OROVILLE, Calif. -

On December 8, 2012, Chico State student Brandon Fisher was crossing Nord Avenue to get to his apartment in Chico early in the morning when Matthew Lambert hit him while drunk behind the wheel.

Fisher suffered a traumatic brain injury in the crash. He was five classes away from his degree and lost memory of his education.

“Brandon has had everything taken away from him for doing the right thing and walking home that night,” Fisher’s mother, Juline Hobbs testified to the court. “How could you not see him with his bright yellow shirt on, and the street light shining on him? All of this happened so fast and changed our families’ world."

Hobbs testified her son now has the reading level of a third grader, had to re-learn his motor skills, and has developed a short temper.

“It was then that I finally began to mourning the death of my son of his life before,” said Hobbs. “I accepted that were given the gift of Brandon with a new personality.”

Hobbs also testified that the Lamberts tried to reach out them when Fisher was at Enloe Medical Center hours after the accident. She said Lambert’s mother told her they sent her flowers and their phone number and asked if Lambert could visit Fisher.

“The hospital never passed on their number to us, and we never received the flowers that were delivered to us,” said Lambert.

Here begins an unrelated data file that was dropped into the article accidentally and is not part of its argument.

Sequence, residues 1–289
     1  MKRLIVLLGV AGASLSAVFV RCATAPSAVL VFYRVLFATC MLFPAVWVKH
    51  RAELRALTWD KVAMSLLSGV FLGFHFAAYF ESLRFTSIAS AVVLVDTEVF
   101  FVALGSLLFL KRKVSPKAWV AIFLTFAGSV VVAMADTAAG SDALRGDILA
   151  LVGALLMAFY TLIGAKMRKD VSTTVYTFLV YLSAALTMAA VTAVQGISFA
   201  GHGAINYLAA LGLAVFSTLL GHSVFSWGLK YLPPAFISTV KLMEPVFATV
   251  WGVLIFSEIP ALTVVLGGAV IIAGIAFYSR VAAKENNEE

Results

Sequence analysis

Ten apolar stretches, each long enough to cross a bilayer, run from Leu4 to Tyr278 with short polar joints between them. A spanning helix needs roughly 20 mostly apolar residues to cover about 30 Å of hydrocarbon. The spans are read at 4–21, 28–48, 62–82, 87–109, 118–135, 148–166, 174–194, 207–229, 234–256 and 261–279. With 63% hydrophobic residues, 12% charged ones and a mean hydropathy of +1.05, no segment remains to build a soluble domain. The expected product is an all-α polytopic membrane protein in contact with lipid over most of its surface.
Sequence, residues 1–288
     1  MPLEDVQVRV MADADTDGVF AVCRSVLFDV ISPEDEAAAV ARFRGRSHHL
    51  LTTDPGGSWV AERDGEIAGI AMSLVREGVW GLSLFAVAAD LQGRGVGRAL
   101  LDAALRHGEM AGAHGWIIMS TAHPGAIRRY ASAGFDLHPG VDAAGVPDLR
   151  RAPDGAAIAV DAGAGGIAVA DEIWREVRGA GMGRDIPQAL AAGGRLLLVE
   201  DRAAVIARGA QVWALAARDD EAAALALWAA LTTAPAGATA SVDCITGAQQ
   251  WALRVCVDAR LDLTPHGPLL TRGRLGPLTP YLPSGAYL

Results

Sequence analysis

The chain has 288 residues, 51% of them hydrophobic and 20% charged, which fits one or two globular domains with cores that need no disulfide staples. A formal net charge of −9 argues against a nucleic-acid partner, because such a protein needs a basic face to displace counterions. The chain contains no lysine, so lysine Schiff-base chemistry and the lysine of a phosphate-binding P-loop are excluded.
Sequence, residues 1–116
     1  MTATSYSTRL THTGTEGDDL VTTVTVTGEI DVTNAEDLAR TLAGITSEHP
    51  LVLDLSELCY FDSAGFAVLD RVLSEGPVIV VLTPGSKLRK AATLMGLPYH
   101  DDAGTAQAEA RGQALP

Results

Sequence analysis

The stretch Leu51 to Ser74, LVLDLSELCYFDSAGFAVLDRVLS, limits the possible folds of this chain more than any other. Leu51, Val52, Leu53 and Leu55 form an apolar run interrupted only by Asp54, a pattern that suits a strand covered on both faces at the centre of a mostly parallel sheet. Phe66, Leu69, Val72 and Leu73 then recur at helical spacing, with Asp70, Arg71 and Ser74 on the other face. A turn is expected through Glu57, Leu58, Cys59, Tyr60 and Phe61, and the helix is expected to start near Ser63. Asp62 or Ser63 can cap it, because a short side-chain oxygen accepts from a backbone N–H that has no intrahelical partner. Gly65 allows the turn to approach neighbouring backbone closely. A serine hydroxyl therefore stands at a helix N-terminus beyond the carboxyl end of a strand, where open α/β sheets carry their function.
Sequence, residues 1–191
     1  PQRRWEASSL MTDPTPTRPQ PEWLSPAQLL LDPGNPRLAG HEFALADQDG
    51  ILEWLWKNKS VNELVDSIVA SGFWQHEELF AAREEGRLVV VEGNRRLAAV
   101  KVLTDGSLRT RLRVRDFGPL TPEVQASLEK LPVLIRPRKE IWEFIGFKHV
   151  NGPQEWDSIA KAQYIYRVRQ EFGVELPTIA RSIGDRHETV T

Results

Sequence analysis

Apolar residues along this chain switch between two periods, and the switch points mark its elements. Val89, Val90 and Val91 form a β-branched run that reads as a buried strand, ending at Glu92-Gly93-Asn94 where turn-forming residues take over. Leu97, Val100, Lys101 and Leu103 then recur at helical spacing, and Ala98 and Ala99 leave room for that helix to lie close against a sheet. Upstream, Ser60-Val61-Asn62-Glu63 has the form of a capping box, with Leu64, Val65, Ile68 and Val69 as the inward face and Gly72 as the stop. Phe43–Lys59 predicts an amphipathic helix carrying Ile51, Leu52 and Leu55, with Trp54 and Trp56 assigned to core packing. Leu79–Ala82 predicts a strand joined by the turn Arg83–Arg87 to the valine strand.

Enloe Medical Center released a statement saying: “We regularly deliver flowers and messages to patients and their families and we recognize that these messages can oftentimes make a difference for them. Unfortunately in the time that has passed, we cannot recall or confirm whether a message was received or delivered in this case. If we failed to pass along the message, we are sorry.”

 During the sentencing, Fisher came up to say a few words to Lambert.

“I'm out of college with no degree or job offers anymore,” said Fisher. “Everything that I worked for is gone.”

Fisher testified he had plans to go back to Chico State and finish getting his degree, but his therapist told him it would be difficult for him to do so.

“When I was told this, it brought tears to my eyes and I couldn't stop thinking about how my life has been ruined in this situation,” said Fisher

The defense told the court Lambert should not take the full blame because Fisher had a .25 blood alcohol content and crossed the street unsafely.

“I think we have to be honest and that the responsibility of this accident needs to be assigned properly,” said Lambert’s attorney, Kevin Sears.

The judge sentenced Lambert to 60 months of probation and serve 45 days in the Butte County Jail.

Both families said they would like to have Lambert and Fisher meet and discuss the incident.